From time to time there are articles like this one published in the New York Times last March, attacking the billable hour as the basis for billing clients for services rendered. Such articles usually have two themes -- that the billable hour results in legal services costing too much, and that the billable hour system is in many ways corrosive to the legal profession. Alternative billing arrangements are usually held up as the solution that might magically benefit everyone. However, these are two different issues. The measures clients impose to control their legal spend are a separate issue from law firms' internal culture.
Insurance defense firms usually are not mentioned in this debate, because we all have been operating under layered cost controls at least since the late 1980's. These layered cost control measures have long included pre-negotiated and below market billing rates; stringent litigation management guidelines that require pre-authorization for extra staffing, for filing of motions, for depositions, for legal research over a minimal amount, and for other selected activities; detailed litigation plans, which have been a requirement dating back to the 1990's (predating the legal project management fad by at least a decade); detailed budgets organized by standardized ABA uniform task and activity codes; detailed and contemporaneous time records, with each entry coded with the uniform task and activity codes; submission of electronic bills in standard formats, to facilitate automated review and analysis of the bills; routine reviews of bills by claims departments or third party auditing services, resulting in write-offs or write-downs of time considered excessive or not compliant with guidelines; and random audits of sample closed cases, sometimes more than a year after they were concluded. And yes, after all of that, the insurers are also adopting flat fee or other alternative billing arrangements.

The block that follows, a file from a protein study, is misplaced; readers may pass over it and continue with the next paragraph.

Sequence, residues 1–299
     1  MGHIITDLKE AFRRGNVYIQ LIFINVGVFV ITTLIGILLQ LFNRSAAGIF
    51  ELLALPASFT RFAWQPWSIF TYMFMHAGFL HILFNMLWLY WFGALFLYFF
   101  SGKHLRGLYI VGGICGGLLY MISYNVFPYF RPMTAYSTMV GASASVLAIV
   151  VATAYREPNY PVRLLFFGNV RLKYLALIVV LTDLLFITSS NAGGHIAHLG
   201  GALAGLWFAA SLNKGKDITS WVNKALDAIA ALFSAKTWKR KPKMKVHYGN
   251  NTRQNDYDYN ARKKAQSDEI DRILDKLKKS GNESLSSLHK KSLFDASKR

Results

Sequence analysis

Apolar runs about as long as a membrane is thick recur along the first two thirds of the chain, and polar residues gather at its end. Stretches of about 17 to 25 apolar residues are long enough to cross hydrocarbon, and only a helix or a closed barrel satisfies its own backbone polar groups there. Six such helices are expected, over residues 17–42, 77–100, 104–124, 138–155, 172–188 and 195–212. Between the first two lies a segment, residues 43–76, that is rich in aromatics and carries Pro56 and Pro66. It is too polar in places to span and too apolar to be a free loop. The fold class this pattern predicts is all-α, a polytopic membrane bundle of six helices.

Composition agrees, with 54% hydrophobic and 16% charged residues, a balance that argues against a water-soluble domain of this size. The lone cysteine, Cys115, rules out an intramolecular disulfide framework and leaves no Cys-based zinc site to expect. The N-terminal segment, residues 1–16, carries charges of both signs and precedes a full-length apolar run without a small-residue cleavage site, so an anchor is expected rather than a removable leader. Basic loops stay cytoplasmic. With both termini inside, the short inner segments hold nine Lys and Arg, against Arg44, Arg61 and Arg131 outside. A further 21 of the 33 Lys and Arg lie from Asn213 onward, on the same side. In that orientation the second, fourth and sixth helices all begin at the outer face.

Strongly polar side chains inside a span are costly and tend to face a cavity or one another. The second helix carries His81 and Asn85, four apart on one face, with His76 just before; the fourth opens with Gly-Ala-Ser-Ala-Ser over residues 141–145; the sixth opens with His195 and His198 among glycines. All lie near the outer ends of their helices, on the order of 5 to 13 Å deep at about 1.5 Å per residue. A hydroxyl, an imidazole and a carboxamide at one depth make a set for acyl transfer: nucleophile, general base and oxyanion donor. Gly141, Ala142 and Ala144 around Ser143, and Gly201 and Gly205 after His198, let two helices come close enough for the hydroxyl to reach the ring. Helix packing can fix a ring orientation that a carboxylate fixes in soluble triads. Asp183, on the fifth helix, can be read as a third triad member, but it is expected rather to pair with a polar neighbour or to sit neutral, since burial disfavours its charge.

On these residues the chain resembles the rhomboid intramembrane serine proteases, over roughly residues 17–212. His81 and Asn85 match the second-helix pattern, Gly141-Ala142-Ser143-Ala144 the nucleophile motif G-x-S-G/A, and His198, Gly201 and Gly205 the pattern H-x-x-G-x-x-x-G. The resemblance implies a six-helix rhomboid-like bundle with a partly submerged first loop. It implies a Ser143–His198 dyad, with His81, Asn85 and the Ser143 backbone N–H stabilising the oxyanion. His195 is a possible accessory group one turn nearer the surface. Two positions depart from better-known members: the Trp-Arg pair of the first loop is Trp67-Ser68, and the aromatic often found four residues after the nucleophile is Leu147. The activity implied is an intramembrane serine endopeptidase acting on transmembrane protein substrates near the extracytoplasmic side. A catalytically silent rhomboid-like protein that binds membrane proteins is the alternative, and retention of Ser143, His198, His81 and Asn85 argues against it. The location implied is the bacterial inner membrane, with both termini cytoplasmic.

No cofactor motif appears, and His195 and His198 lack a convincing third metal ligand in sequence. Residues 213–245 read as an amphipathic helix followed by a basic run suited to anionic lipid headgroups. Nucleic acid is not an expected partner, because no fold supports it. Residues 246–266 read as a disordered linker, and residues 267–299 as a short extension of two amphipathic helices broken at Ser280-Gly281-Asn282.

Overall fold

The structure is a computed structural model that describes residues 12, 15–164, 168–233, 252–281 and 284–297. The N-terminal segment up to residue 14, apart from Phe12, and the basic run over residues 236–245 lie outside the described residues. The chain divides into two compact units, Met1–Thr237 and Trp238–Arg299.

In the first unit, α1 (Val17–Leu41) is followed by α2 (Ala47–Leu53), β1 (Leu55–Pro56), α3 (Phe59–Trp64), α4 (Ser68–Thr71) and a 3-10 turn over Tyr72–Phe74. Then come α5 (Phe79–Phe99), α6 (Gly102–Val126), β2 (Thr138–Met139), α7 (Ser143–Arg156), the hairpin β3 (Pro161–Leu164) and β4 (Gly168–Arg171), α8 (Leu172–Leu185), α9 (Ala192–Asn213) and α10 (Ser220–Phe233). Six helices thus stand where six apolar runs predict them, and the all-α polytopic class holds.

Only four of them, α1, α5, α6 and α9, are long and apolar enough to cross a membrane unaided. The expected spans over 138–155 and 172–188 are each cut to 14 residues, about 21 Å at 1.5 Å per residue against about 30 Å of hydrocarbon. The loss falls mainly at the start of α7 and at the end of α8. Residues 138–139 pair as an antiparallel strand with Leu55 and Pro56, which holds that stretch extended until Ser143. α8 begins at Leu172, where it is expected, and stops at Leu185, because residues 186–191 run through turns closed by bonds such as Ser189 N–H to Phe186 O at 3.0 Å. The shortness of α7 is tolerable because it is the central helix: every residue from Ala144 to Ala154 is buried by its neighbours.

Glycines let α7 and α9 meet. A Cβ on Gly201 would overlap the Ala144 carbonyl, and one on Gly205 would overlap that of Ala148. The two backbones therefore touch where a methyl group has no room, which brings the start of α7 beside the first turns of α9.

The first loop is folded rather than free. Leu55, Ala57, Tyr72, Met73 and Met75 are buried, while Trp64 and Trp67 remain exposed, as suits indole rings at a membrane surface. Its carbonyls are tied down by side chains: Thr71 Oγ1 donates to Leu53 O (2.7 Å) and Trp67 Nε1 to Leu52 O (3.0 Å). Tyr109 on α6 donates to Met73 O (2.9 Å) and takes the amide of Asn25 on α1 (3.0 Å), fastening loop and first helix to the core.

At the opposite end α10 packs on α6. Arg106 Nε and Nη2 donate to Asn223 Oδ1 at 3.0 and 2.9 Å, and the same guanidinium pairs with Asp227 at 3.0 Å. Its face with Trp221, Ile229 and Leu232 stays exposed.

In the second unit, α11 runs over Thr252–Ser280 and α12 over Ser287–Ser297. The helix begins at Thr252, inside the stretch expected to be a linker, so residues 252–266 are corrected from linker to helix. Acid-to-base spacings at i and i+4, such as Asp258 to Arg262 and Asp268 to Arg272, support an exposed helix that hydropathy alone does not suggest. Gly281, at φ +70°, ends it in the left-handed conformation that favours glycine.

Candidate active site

So, with the perspective gained from having practiced under that regime for most of my professional career, I can say with confidence that the billable hour system is not going anywhere.
The bottom line is that having access to the billing data and the analysis of that data is tremendously valuable to the clients/insurers. I doubt that it would be possible to negotiate workable alternative fee agreements without having such data to analyze.
All that billable hour data is necessary in the first place to structure smart alternative fee agreements, and to decide which parts of the services can be “outsourced” to cheaper providers, such as a captive "staff counsel" law firm. I doubt that any insurer would want to move entirely to flat fee arrangements, for example, and be cut off from that data in its larger markets.
Law firms themselves are also dependent on the billable hour system to measure and control productivity, and have invested in expensive back office computer systems for the collection and analysis of billable hour data.